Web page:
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Ulrich Mueller

The Future of Deafness Research

Professor Ulrich Mueller, Ph.D., is one of the researchers at The Scripps Research Institute who is investigating the underlying causes and potential treatments of hearing loss. In fact, his passion is deafness.

"Deafness is so prevalent in humans, yet no pharmaceutical company is doing anything about it," Mueller says. "Also, of all the senses - vision, smell, and taste - it is the least well known.

Because of these factors, I feel I can make a real impact on health care through my research." Deafness is the most common form of sensory impairment in the human population, affecting over 30 million Americans and their families. More than half of all people over 75, and 80 percent of those over age 80, suffer some form of hearing loss. On the other end of the age spectrum, one in a thousand children is born with a hearing impairment. "Hearing loss leads to a significant decline in the quality of life and often to a sense of isolation," says Mueller. "To develop therapeutic strategies against hearing loss, it is critical that we understand how sound signals are processed by the ear and nervous system, and how such processing is perturbed in disease."

Opportunity for Interaction

Mueller - whose interest is in how the nervous system works, both from the perspective of basic science and possible treatment strategies - came to Scripps Research from the Friedrich Miescher Institute in Basel, Switzerland. Prior to his stint there, he received his Master's from the University of Cologne in Germany, earned a Ph.D. from Princeton University, and completed postdoctoral work at the University of California, San Francisco.

"I came to Scripps Research because of the opportunity for interaction with top biologists and chemists, both at the institute and other institutions in La Jolla," he says.

Much of his lab's attention has focused on the genes that cause Usher Syndrome. And about four in 10,000 babies born in the United States have Usher syndrome, a devastating genetic disease that causes deafness and blindness. Mueller's studies have shown this type of deafness is caused by defects in hair cells, which are situated in the inner ear and function as sensors for sound.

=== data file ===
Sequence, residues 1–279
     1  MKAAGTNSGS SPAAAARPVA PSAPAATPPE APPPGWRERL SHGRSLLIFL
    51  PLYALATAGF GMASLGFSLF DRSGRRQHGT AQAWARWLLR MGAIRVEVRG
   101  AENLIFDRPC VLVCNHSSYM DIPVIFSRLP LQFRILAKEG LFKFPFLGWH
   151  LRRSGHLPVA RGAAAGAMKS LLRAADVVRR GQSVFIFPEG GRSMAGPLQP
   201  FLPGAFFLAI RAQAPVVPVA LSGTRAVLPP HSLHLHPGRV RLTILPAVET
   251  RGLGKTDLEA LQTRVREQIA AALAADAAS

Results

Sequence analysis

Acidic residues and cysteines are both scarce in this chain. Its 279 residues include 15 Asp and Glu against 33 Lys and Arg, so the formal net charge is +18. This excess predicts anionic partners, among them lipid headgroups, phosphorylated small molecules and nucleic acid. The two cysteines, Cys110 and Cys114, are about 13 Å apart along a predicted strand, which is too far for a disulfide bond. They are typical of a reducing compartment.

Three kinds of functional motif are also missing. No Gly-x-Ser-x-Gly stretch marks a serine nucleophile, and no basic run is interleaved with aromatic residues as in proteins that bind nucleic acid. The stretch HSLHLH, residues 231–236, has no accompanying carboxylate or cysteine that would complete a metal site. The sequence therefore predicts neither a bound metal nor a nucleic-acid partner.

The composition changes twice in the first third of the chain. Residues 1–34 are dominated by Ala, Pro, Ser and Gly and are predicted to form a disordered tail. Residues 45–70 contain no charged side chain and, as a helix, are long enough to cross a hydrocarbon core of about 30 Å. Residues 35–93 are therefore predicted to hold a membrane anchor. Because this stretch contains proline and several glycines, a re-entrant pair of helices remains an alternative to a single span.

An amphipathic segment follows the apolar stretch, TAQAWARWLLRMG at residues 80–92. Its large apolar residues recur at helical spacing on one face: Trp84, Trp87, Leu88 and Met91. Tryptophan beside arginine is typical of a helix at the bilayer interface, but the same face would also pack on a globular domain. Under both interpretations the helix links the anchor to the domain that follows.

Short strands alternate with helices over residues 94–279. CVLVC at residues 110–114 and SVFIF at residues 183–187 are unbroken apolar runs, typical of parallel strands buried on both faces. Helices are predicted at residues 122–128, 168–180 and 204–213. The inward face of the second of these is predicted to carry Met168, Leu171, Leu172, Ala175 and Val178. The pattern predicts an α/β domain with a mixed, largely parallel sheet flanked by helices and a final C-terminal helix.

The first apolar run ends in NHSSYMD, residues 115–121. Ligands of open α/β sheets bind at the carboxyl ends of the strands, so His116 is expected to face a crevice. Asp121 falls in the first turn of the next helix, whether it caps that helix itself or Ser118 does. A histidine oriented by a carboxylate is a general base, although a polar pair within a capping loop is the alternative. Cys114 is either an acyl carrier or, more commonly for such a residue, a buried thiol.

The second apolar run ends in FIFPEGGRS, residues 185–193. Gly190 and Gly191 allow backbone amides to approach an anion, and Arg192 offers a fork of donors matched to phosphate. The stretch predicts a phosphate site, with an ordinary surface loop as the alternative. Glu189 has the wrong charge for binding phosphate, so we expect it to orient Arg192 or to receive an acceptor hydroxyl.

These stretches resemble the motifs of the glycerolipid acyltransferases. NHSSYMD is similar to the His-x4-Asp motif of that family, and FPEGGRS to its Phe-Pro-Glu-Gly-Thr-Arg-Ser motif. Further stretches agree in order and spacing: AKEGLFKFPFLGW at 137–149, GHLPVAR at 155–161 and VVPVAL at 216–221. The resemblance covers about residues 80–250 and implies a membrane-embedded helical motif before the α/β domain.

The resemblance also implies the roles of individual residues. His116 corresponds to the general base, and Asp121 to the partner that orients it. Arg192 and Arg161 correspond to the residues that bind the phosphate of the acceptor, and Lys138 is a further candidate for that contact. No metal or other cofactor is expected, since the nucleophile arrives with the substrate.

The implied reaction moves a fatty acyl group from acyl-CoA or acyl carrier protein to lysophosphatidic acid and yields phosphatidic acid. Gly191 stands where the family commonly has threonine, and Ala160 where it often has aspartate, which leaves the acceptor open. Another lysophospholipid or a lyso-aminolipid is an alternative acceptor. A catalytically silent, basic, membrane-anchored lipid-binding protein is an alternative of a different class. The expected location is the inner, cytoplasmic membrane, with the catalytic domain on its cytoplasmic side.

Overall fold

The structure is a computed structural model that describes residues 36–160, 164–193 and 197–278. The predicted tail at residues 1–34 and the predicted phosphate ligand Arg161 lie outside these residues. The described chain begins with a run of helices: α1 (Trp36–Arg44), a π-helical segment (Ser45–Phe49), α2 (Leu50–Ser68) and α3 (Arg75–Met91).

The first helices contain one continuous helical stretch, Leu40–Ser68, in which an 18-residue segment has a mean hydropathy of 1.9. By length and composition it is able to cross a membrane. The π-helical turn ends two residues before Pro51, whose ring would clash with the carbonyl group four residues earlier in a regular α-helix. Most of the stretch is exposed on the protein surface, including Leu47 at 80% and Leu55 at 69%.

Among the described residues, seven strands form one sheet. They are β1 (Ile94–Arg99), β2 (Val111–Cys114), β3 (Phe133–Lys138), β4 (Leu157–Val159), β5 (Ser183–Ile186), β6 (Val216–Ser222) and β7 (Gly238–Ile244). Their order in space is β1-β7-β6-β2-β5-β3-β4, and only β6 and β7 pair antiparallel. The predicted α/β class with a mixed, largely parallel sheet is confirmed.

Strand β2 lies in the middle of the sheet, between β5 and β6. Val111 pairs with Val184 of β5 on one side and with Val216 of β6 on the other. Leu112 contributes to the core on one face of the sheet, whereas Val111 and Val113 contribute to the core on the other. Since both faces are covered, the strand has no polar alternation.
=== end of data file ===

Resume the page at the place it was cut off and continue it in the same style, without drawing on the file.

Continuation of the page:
"Surprisingly, our recent findings show that one of the genes that is affected in Usher Syndrome is also linked to deafness from birth and age-related hearing loss," said Mueller. "We're targeting this one gene to deal with each of these diseases."

A Big Task Ahead

Mueller and others in the deafness research field have a big task ahead of them. Of the more than 400 genetic loci in the human genome that have been linked to deafness, only about 100 have been assigned to specific genes. According to Mueller, identifying relevant genes is critical for the development of diagnostic and therapeutic strategies.

"We're trying to get all this under control," said Mueller. "In my lab, we carry out positional cloning strategies to identify genes that are linked to deafness. We have recently linked several genes to different forms of hearing impairment, including age-related hearing loss. This should open up new therapeutics.

"We're also looking at ways to delay the deafness process. If we can eventually double the amount of time over a lifetime that it normally takes a person to go deaf, we won't need to develop a cure, since most people don't live until 130."

Mueller has seen much progress in the field, and he's hopeful for the future. "Deafness research is on the brink of some momentous breakthroughs," he says.

"Over the past decade, the field has gained momentum and we are now in a position to develop and test new therapeutic strategies that may lead within the next decade to advances in slowing age-related hearing loss, or even providing cures for some forms of deafness."

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 "Deafness is so prevalent in humans, yet no pharmaceutical company is doing anything about it," says Professor Ulrich Mueller. (Play video.)